LEVERETT — The Healey-Driscoll administration announced it is awarding $15.5 million in Coordinated Family and Community Engagement (CFCE) Grants to 81 organizations across the Commonwealth that provide child-development services and resources to families with young children. Early Education and Care Commissioner Amy Kershaw and Director of Rural Affairs Anne Gobi visited the Leverett Library to announce the awards and hear directly from families on rural childcare challenges and opportunities, as well as see firsthand the impact these grants have on improving child development and family engagement.
“The Coordinated Family and Community Engagement Grant is a critical tool for expanding access to high-quality, affordable childcare, addressing the youth mental-health crisis, and providing educational and community-based opportunities for families in emergency shelter,” Gov. Maura Healey said. “The investment of state funds into programs like this will help make our state more affordable and equitable, connecting families with childhood-development programs and engagement activities that support the well-being and needs of our young children and their families.”
Many of the recipient organizations of the Coordinated Family and Community Engagement award are the first touchpoint for families, reaching out and connecting them with local early-education and out-of-school-time services available through public schools, center-based programs, Head Start, and other family childcare programs. These organizations coordinate healthy activities and resources that promote parent education and family engagement, address early literacy and child development, and improve transitions between early education and care settings, home, and school for children from birth to age 6.
Further, these programs support families in cities and towns across Massachusetts, including rural communities like Leverett, and strengthen the capacity of communities through CFCE council membership and community collaboration to engage and support families. More than half of Massachusetts’ 351 cities and towns are rural communities, and the CFCE networks in these smaller communities can help families navigate the unique barriers and opportunities of rural communities as they seek out early education and childcare for their children. Through intentional alignment of goals, approaches, and policies, CFCE programs promote collaboration between agencies that serve young children and their families, no matter where they are in the Bay State.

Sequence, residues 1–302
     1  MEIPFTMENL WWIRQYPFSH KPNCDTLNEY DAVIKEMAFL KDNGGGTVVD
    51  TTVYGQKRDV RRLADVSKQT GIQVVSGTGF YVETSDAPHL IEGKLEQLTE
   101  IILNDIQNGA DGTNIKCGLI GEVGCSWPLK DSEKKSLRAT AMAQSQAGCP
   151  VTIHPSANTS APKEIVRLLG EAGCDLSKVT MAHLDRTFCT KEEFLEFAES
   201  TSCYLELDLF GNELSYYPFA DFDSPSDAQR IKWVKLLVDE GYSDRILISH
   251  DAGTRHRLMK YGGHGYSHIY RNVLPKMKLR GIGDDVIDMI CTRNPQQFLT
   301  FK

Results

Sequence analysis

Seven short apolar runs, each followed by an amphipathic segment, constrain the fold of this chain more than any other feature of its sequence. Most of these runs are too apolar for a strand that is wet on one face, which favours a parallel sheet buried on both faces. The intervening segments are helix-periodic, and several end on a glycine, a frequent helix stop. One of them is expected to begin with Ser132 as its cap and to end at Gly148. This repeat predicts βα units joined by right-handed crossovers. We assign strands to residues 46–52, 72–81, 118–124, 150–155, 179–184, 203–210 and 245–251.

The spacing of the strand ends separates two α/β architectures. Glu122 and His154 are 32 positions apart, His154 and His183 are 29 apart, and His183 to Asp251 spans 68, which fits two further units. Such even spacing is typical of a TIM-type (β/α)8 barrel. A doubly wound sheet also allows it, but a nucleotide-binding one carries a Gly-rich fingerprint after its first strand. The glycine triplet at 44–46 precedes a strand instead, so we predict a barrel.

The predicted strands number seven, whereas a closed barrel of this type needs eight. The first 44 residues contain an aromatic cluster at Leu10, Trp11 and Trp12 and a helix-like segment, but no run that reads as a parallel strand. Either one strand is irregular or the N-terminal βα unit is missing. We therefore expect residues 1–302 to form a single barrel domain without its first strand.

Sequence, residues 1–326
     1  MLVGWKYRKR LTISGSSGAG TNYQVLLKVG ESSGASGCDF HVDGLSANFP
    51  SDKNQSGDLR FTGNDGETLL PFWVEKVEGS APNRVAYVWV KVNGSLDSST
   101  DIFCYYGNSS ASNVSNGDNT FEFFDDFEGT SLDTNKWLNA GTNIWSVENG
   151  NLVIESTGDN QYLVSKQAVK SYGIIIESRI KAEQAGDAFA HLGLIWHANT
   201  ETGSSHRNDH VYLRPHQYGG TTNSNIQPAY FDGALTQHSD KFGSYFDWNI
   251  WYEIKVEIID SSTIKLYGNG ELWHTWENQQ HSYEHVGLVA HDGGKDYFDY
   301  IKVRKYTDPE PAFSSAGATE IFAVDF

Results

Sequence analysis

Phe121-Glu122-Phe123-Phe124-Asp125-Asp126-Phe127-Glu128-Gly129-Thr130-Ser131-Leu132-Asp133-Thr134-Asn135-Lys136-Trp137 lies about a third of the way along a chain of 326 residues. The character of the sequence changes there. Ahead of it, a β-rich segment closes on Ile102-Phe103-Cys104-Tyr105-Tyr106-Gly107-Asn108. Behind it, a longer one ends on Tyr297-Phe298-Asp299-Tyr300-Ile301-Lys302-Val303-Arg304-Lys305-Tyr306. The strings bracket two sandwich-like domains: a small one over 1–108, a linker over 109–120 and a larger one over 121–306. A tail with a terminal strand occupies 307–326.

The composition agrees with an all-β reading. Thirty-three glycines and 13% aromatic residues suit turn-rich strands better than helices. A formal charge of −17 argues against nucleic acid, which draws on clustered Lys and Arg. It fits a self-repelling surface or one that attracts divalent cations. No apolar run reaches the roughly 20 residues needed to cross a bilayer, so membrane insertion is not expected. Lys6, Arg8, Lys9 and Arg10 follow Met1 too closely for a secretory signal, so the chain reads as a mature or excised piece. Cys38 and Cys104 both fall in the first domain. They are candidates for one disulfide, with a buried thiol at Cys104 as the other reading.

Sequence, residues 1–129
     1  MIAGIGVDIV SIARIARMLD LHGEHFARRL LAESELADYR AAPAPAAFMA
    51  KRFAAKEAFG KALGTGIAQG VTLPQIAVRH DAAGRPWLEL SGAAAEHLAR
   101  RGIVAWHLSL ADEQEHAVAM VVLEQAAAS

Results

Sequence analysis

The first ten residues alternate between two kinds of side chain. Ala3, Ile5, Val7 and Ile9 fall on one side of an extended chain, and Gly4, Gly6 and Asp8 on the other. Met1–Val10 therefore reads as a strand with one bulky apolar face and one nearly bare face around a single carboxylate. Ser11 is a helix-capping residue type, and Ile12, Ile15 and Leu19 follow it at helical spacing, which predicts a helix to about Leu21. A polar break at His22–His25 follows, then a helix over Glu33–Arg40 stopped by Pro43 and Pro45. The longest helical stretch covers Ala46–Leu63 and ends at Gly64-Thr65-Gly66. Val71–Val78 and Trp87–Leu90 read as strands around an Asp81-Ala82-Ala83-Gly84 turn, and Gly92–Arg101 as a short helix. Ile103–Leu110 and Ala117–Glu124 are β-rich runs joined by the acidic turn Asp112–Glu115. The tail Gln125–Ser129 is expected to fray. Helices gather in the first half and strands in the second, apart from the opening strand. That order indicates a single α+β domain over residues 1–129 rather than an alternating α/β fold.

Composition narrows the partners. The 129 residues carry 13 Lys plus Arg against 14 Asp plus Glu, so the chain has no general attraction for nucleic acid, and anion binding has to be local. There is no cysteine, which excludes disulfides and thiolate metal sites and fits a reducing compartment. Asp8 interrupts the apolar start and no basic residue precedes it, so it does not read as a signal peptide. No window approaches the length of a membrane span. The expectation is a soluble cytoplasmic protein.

Earlier this month, Healey declared a state of emergency in Massachusetts due to the rapidly rising numbers of migrant families arriving to the Commonwealth in need of shelter and services, including many with young children. The CFCE network has been a critical resource in select communities providing emergency assistance, by setting up playgroups for parents and children inside the shelters.
“Our CFCE partners are deeply connected to their communities, providing vital and responsive services to young children and their families across the Commonwealth,” Department of Early Education and Care Commissioner Amy Kershaw said. “Most recently, they have stepped up and been a critical support to the rising number of families arriving in Massachusetts. Programs are doing everything they can, including setting up playgroups and child-friendly spaces, as well as providing case management and referrals to support the health and well-being of families. We are pleased to provide $15.5 million in grants to continue these critical services and recognize our partners for their work, done with empathy and grace.”